A first-hand account of F-14 aircrew operations during a critical special ops mission in western Iraq
All three Tomcat units in the NAG (VF-154 having arrived with CVW-5, embarked aboard USS Kitty Hawk (CV-63), in late February 2003) participated heavily in a series of precision strikes on known targets in the “Box” in the final days before OIF began. Republican Guard barracks, HQ and command and control structures, mobile missile launchers, and AAA sites in and around Basra were all struck by CVW-5, the authorized CAS air wing.
Assets from CVW (1-2, -5, and -14, as well as USAF and RAF jets, supported a very essential long-range mission to the H2 and H3 airfields in western Iraq on the night of March 19. The mission also included SOF elements on the ground. The following is a description of the sortie provided by one of the VP-2 RI Os participated in this mission:
‘I was in one of two F-14Ds that launched off CV-64 to support a preplanned operation sent against an airfield in the extreme west of Iraq. By the time it was over, my pilot and I had logged 8.6 hours from launch to crap. Assigned to the mission was a SOF ground element, various TACIR assets, including sections of A-10s rotating throughout the evening, F-15Es, F-14/Ds, AWACS, and dedicated tankers.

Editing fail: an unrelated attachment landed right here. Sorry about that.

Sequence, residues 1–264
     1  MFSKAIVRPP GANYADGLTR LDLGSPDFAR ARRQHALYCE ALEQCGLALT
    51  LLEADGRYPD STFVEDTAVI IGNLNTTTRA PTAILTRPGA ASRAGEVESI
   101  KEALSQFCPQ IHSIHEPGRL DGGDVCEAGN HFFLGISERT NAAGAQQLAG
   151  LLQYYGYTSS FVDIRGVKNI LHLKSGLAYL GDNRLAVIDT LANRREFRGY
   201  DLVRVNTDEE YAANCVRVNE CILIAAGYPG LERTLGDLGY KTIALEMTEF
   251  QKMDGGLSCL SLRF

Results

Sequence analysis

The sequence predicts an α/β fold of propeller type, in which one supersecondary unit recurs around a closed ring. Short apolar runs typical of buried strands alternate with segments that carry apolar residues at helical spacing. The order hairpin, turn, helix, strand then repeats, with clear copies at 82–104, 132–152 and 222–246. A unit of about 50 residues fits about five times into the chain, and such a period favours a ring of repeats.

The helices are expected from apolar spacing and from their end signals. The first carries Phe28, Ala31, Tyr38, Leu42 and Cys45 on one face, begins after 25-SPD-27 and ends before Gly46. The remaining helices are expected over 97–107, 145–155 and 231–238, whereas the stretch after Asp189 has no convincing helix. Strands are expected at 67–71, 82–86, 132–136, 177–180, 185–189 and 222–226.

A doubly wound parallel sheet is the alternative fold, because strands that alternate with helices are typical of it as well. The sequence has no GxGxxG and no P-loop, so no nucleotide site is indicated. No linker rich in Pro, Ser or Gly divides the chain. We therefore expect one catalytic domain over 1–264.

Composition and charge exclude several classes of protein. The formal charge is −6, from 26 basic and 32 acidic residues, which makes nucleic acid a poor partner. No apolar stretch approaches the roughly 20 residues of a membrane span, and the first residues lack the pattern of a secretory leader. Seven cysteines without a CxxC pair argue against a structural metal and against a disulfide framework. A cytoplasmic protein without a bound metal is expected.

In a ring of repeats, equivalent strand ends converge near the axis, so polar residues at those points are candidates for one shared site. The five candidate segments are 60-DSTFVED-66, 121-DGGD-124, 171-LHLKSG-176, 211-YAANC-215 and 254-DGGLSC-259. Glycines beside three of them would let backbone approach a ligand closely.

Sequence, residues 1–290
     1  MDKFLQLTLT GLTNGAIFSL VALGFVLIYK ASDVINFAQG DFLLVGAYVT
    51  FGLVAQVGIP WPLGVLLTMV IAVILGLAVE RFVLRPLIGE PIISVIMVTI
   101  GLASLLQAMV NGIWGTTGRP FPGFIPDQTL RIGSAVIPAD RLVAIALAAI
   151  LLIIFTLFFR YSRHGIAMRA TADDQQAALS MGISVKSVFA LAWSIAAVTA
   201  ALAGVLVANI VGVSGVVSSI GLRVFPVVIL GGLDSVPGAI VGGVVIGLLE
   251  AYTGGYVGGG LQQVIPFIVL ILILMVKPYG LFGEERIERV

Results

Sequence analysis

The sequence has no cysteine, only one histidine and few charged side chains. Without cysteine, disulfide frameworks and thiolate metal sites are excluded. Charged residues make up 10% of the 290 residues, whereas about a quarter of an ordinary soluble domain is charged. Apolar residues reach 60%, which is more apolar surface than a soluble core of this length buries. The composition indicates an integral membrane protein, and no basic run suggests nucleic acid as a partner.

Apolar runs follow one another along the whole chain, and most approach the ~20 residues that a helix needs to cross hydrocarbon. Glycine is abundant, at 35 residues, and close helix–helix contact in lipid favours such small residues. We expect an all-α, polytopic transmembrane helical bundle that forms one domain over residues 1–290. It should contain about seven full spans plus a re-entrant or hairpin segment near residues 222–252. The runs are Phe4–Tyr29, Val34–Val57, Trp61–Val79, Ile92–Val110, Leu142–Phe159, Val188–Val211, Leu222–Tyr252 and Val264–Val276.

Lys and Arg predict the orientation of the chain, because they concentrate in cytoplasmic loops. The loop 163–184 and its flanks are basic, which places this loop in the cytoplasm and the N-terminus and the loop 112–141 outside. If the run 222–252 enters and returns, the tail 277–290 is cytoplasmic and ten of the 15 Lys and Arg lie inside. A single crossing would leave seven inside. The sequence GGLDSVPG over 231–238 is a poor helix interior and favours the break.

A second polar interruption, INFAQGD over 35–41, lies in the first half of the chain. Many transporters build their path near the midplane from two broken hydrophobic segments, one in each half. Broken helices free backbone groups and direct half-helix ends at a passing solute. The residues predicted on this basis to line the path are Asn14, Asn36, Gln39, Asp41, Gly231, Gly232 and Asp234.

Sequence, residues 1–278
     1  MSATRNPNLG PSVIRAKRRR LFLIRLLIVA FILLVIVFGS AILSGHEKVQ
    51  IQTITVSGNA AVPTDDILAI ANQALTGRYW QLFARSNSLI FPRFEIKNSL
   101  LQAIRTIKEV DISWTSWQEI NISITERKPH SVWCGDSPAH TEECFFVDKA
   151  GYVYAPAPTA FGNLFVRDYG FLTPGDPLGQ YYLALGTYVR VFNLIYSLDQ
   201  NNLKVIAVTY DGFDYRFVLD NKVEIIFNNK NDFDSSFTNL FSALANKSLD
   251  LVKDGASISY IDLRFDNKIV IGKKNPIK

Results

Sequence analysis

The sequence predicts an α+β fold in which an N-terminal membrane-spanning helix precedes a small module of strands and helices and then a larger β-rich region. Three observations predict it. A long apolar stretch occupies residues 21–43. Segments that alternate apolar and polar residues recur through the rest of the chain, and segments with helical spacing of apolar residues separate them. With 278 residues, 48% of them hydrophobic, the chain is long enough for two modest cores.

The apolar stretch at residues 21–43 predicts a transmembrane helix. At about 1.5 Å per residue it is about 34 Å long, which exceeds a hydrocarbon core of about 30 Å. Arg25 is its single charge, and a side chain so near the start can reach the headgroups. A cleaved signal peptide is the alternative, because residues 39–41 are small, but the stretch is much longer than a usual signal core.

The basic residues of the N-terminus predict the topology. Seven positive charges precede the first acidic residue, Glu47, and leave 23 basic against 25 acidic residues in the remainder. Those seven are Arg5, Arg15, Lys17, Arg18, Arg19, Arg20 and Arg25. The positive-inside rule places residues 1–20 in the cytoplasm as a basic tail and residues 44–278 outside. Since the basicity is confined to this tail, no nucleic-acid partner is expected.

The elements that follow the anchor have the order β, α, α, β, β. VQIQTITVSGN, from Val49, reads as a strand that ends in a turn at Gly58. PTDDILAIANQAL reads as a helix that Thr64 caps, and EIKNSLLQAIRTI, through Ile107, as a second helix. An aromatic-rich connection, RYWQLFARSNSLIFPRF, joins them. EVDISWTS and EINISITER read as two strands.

‘Our task was to show up after the initial ingress into the area and take over TACAIR asset control in support of the ground element as it headed toward its objective. We started to gain situational awareness of which phase the operation was in as soon as we could get radio contact a few hundred miles out. Having Link-16 JTIDS (Joint Tactical Information Distribution System) was invaluable, as we were receiving datalink to all the other assets in our package without having to use our radio or radar. It sounded like things were going according to plan, and that the assets were getting into position.
‘As we got closer, we heard a VF-154 F-14A divert for unknown reasons. We weren’t certain if the crew had been engaged by ground fire and been hit, or had some other type of failure, but they had an immediate divert problem and left their wingman on station to wait for our relief. We quickly arrived on-station and relieved the lone Tomcat as the FAC(A)s for the operation. He passed a turnover brief as he departed, and we started getting a check in from the other assets in the area.
‘Our plan was to have at least one Tomcat on station to quarterback the operation, while the other one was headed to or from the ranker – located over the border – to refuel. If required, we would pass control to one of the F-15Es if we had both Tomcats off-station. JTIDS was once again invaluable when it came to deconflicting all the assets in our package that were flowing in and out of our Area of Responsibility (AOR) as required, and holding in the same relative area with their lights out. It also allowed us to release the sections on-station when we saw their relief headed inbound without having to constantly query the AWACS as to the status of our support assets. JTIDS provided deconfliction with attacking assets while prosecuting targets on the ground, and most importantly, it let us accurately find the ranker when gas became critical so that we could drive him to us if required.